A simple example of this is the officer who is patrolling around a nuclear power plant and stops a car for a seemingly innocuous traffic violation, only to see a digital camera on the seat and a nervous driver who, the officer’s real-time data sharing software tells him, was also stopped three times over the past few weeks at other critical infrastructure installations in other jurisdictions. In fact his computer says that the last instance was literally 15 minutes ago. This fusion of the officer’s instincts, supported by the real-time data sharing tools at his disposal, could be the thin line between a calm day and a cataclysmic nuclear disaster.
Along with the tactical aspect, the other piece of the prevention puzzle is strategic analysis. This is the area commonly associated with Fusion Centers and Real-time Crime Centers. These critical centers need access to the same real-time data feeds as First Preventers, in order to support and coordinate prevention activities, and uncover relationships between people, vehicles, etc. that can trigger investigator’s instincts. They need advanced real-time visual analysis tools, as well as geospatial mapping tools to take the raw incident, person, vehicle, etc. data coming in from the various connected data sources, analyze it, look at it in different perspectives, package it, and turn it into actionable information that agents, First Preventers, and others can use to prevent the next attack.
In the end, the combination of real-time tactical data-sharing tools for First Preventers and strategic analysis tools for investigators and analysts at Fusion Centers is the key to prevention. One needs the other in order to provide a complete prevention solution.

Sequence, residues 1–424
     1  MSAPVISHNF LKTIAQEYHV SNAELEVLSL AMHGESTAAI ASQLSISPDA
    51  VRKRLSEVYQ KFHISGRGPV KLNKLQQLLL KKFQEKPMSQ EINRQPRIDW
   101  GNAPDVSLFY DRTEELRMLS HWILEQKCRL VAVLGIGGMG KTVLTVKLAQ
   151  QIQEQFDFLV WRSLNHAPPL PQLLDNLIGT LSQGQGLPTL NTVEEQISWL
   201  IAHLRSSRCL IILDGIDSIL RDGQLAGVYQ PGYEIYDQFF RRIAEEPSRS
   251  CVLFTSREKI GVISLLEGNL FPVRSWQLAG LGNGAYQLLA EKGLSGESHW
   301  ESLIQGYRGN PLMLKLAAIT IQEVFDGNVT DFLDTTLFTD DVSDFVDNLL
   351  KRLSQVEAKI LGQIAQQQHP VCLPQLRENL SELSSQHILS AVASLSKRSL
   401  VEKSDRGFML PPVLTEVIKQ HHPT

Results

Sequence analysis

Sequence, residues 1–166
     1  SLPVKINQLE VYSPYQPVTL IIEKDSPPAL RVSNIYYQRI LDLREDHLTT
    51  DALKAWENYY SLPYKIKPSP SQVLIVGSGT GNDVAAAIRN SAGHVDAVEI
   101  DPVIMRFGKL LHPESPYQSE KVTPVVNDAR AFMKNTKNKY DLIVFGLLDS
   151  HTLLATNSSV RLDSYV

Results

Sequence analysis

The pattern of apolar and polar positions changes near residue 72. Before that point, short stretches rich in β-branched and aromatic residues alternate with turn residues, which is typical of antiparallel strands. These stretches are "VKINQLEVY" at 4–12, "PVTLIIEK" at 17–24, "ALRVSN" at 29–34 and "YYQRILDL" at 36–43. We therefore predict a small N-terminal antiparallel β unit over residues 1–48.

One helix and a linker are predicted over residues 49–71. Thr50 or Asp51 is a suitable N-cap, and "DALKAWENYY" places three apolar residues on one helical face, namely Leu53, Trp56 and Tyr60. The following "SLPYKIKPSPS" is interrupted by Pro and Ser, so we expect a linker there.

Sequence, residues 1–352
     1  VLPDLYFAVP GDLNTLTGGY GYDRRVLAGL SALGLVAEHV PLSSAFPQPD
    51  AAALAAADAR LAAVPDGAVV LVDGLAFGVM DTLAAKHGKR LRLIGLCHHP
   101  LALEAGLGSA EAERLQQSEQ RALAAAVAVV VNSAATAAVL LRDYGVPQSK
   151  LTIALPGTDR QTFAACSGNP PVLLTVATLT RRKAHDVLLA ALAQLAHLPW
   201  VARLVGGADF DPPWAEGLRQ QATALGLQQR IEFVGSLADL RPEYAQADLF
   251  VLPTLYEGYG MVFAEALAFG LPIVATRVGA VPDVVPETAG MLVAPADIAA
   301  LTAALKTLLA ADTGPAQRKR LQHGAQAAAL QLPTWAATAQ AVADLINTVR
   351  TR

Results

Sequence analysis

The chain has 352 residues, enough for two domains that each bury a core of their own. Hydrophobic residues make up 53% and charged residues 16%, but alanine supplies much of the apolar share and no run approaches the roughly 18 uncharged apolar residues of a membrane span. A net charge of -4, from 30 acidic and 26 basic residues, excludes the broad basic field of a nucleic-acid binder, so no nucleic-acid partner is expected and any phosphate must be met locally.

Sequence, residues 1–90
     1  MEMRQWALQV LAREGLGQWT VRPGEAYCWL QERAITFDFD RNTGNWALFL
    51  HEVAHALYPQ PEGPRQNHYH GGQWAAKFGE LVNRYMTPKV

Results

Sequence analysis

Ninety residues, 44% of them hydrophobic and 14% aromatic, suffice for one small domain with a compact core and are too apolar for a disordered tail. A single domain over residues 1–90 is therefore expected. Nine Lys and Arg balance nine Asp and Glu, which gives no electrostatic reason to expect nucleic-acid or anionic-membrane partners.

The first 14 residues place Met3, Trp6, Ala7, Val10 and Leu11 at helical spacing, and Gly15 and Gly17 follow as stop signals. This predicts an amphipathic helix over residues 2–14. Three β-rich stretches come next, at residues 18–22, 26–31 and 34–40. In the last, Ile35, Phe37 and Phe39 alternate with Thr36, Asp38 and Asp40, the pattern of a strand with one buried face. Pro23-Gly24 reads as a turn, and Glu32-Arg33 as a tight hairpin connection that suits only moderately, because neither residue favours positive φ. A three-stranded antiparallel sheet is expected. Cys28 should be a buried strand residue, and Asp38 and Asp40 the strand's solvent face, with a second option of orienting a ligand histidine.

P1: What are the actual steps involved in real-time tactical data sharing and how do those steps differ from real-time strategic data sharing?
Heffner: As I’ve said, the technology is available right now. In fact, everything I’ve talked about is in operation, live, right now at agencies across the United States.
As for the steps – First off, I can’t stress enough that despite some of the rhetoric you may hear about this, it is not rocket science. It simply takes a commitment between agencies, and the selection of the right vendor-partner to get the job done. The technology is there… all it takes is for a group of agencies, either at the county level, regional level, state level, and/or federal level to agree to share their data with each other. Once they do that, they simply need to reach out to a vendor-partner that has years of experience doing exactly the kinds of things I have been discussing in these responses. The LAST thing an agency should do is try to do it on their own. Dealing with the morass of conflicting, incomplete data standards, along with the vast field of disparate data systems out there is something that should be handled by firms that make it their business to understand, navigate, and implement projects like this.